The essence of perestroika lies in the fact that it unites socialism with democracy and revives the Leninist concept of socialist construction both in theory and in practice. Such is the essence of perestroika, which accounts for its genuine revolutionary spirit and its all-embracing scope”
And so it was on February 20th 1988, that the local Soviet of the NKAO used the opportunity provided by perestroika for “development of democracy”, “socialist self-government” and the Leninist principles of self-determination.
“Welcoming the wishes of the workers of the Nagorno-Karabakh Autonomous Oblast (NKAO) to request the Supreme Soviets of the Azerbaijan SSR and the Armenian SSR to display a feeling of deep understanding of the aspirations of the Armenian population of NK and to resolve the question of transferring the NKAO from the Azerbaijani SSR to the Armenian SSR”
Undoubtedly after 65 years of grinding, slow, compliant acceptance of Soviet bureaucracy and the control of a totalitarian regime, the request by the local Soviet was considered to be the act of an extremist revolutionary group.
The speed with which conflict happened between the 2 groupings defies any rational explanation, and seems to be out of proportion to the simplicity, and formality of the original request. The first stirrings between the communities happened on February 21st, and by the 22nd angry protests took place in Aghdam. Some of the people from Aghdam set out for Stepanakert, and became involved in a fight near Askeran which resulted in people being killed on both sides.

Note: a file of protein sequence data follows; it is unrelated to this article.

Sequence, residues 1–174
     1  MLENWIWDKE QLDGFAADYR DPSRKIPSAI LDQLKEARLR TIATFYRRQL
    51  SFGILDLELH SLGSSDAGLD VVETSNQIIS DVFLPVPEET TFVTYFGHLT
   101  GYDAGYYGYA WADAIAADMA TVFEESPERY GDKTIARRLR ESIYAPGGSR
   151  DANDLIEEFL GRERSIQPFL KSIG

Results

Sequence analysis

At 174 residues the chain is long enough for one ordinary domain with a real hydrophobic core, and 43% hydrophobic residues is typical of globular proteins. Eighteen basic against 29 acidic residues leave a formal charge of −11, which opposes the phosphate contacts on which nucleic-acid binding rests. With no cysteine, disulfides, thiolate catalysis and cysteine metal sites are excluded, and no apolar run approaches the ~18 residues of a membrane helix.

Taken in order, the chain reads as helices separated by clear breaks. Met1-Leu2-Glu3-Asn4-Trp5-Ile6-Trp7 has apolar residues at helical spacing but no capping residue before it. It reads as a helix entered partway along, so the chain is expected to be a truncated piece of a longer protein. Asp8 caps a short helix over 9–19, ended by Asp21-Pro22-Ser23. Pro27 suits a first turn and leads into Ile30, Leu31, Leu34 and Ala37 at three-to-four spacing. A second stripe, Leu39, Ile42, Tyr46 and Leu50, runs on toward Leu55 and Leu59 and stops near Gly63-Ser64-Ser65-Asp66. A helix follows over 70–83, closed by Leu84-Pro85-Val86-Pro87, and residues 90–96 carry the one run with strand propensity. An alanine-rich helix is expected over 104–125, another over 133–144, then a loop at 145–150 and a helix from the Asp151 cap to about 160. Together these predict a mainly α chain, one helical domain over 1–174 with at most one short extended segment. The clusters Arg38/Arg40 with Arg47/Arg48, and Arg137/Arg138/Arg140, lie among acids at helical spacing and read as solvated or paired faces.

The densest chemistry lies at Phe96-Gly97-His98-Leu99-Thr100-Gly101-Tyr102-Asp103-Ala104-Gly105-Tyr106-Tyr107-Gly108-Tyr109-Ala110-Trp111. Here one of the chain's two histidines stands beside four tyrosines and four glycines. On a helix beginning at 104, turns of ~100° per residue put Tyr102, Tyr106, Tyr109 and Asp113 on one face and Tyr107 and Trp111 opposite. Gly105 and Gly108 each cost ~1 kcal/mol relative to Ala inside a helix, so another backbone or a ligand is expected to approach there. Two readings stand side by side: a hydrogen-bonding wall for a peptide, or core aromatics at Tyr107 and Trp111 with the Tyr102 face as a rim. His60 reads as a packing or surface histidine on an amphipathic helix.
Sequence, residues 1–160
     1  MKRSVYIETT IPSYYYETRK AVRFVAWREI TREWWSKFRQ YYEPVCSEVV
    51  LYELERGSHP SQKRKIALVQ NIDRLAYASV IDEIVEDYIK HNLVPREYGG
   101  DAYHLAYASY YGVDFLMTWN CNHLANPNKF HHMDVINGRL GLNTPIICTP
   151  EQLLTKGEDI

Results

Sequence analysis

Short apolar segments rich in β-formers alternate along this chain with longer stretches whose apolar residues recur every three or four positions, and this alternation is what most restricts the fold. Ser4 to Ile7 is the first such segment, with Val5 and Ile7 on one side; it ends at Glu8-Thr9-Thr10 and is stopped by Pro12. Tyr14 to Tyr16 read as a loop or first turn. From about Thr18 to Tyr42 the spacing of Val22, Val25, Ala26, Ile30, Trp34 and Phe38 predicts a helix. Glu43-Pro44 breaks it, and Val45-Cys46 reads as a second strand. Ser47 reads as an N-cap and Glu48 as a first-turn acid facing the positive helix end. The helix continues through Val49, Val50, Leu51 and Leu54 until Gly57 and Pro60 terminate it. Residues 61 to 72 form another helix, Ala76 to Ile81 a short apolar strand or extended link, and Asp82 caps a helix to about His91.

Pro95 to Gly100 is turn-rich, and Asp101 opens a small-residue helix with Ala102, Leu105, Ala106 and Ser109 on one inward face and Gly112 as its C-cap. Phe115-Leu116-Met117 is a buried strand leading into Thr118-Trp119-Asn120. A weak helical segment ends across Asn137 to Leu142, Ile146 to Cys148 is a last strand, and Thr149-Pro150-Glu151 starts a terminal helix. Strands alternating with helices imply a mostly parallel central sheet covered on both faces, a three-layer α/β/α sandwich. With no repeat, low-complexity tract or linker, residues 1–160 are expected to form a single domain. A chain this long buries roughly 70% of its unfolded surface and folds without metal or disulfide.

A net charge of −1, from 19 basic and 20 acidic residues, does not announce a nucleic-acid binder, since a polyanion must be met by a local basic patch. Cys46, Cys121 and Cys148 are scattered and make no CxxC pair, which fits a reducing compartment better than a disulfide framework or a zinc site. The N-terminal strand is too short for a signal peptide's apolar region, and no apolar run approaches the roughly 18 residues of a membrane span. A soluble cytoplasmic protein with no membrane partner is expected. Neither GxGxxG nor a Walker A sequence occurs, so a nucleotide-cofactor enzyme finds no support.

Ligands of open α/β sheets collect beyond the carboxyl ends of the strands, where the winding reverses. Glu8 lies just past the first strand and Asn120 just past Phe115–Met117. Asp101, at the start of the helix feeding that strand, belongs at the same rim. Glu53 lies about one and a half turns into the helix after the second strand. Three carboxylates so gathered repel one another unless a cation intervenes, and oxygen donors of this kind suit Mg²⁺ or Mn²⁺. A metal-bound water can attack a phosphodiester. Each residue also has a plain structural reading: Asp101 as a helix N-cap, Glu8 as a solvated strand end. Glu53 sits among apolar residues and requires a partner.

The numbers of people demonstrating in Yerevan grew from 20,000 on the 20th to a million by the 25th – this action by the people of NKAO had struck a sensitive chord with the people of Armenia. By February 27th the tragedy of Sumgait started with many Azeris seeking out Armenian residents, killing them and destroying property.
Extracts from the death certificates of a few people emphasises the horror of those days:
Soghomon Markar Melkounian ; Born 1931 ; Killed 29 February 1988; Address Sumgait, 41st street, building 26, Appt 21; Killed with his wife and 3 children. Bodies burnt and mutilated, skull crushed.
Seta Osip Tanielian; Born 1937 ; Killed 28 February 1988; Address Sumgait 3rd region, building 4/2; Dragged into the street by force with son and husband, raped and killed with husband. Cerebral haemorrhage and skull fractures. Head heavily mutilated.
On first reading the history of these events, one is struck by the rapid deterioration into animosity between the 2 communities. This does imply that relations were at boiling point for some time, and that peace was always on a knife-edge. The lack of acceptance and tolerance of the Azeris to recognise the rights of people to self-determination within the Soviet policy of perestroika is surprising and this irrational reaction by the Azeris during these 7 days tipped the balance in relations which ultimately led to war.
Categories: War and its Legacy